There are a number of experiences and puzzles that you must work out for yourself (often by coincidence). Using constellations to correctly draw animals by connecting lightning sticks, taking cover from blizzards behind rocks or curing yourself of noxious gas are all situations you must figure out for yourself - the gods are not inclined to give too much information away!

The puzzles, bosses, environments and the constant influx of rich, Norse lore is invigorating enough to make Jotun an excellent experience. The artwork is stunning, the combat is fast-paced and intuitive and the element of exploration is captivating. As a fan of Norse mythology, I found the storyline interesting and informative, whilst not being too overpowering for gamers less keen on the idea of a history lesson.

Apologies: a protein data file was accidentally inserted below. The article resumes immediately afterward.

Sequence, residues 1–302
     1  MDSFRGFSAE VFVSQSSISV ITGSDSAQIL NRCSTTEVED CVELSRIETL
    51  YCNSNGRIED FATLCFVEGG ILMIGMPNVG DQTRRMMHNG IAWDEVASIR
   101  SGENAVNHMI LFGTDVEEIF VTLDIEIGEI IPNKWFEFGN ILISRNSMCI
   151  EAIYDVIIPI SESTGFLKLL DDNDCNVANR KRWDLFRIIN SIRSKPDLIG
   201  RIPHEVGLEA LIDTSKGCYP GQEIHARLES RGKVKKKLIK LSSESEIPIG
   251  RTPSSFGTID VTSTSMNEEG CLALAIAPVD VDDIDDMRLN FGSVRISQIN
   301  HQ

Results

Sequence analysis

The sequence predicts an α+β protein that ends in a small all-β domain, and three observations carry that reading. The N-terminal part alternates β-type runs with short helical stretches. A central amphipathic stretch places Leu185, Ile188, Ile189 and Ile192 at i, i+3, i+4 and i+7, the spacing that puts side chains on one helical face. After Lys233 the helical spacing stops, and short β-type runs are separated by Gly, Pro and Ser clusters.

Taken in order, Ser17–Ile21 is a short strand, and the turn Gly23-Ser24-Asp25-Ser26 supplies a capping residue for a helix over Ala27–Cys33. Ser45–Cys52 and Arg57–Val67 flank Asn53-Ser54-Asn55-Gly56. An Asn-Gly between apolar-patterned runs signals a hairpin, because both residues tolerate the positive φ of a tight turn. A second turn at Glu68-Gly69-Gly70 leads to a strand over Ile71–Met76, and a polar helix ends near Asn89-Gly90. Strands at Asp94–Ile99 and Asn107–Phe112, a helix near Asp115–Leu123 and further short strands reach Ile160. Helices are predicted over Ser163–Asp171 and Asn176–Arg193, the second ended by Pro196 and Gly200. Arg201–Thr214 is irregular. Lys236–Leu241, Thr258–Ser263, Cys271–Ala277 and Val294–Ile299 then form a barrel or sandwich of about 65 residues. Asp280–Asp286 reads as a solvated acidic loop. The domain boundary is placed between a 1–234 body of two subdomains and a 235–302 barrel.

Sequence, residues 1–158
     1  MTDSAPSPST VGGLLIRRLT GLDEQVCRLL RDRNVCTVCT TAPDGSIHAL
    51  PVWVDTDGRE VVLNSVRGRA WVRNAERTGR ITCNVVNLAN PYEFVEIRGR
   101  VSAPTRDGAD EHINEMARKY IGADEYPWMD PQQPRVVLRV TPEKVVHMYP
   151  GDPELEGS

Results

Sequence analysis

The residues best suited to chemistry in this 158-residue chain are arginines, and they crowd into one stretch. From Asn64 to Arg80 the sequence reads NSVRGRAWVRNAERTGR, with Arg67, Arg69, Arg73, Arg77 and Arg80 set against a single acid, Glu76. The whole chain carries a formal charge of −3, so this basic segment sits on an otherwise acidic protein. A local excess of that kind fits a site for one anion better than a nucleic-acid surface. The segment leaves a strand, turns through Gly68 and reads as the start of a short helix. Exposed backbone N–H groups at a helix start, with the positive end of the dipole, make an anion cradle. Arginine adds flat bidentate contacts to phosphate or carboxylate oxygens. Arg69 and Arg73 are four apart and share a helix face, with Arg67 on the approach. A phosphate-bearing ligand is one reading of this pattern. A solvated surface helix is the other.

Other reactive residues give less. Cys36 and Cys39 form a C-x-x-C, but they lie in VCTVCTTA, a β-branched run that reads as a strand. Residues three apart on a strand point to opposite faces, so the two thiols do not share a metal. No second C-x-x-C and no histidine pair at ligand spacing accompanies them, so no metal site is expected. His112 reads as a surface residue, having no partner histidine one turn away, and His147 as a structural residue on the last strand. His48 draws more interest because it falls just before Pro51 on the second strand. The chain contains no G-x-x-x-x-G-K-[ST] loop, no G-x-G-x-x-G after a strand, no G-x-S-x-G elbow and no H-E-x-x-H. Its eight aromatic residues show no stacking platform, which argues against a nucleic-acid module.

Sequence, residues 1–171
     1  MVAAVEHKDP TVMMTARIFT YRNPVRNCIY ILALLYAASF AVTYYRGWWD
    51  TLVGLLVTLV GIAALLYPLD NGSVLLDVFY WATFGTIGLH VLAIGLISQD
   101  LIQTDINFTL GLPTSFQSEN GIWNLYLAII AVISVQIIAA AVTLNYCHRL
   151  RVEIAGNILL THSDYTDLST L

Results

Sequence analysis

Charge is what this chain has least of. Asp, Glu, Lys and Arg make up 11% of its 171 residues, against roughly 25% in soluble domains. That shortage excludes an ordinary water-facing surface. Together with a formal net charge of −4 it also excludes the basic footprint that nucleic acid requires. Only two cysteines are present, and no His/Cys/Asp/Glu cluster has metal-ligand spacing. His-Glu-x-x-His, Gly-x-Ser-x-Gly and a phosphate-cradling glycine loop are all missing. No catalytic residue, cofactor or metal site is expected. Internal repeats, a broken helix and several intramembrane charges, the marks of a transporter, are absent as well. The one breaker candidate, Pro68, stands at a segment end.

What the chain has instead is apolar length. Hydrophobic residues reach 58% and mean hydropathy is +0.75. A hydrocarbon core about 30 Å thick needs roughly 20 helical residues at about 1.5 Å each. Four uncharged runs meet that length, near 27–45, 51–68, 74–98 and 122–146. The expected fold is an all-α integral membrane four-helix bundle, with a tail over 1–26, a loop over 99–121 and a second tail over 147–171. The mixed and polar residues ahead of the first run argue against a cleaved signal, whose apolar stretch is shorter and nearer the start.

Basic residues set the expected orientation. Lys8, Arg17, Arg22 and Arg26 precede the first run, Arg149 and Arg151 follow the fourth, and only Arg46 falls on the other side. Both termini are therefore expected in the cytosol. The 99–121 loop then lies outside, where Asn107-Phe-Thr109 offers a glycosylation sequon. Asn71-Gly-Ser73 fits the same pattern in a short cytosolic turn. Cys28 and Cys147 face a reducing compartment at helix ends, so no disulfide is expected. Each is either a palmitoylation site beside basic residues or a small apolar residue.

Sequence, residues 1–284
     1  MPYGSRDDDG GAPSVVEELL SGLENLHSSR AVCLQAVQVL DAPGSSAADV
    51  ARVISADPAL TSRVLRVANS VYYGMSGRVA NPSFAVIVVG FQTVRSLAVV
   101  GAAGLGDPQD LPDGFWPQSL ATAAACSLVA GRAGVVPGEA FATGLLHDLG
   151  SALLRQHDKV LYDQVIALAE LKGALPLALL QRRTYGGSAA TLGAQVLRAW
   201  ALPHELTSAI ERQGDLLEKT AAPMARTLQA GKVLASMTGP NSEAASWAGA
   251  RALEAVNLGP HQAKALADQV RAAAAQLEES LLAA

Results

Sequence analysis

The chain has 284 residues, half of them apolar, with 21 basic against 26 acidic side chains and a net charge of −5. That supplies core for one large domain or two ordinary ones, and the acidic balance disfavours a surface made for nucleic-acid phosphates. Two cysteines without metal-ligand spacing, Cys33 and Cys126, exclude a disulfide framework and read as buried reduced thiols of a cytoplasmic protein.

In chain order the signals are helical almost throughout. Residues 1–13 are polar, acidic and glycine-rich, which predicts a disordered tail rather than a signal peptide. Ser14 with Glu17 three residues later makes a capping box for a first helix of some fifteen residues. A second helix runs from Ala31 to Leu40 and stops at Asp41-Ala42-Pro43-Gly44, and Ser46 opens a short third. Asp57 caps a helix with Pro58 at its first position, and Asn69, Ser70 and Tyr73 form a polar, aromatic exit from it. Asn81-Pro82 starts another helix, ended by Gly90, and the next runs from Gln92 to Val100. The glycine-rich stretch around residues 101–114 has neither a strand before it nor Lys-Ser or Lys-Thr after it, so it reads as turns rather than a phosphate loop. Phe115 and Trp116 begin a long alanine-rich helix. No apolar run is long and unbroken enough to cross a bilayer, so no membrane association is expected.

9.00/10 9

Jotun (Reviewed on Windows)

Excellent. Look out for this one.

Although it could allow the player a little more control, Jotun is a pleasure to play - check it out. You’ll be Thor-ry to miss it!

This game was supplied by the publisher or relevant PR company for the purposes of review
Cat Swinburn

Cat Swinburn

Staff Writer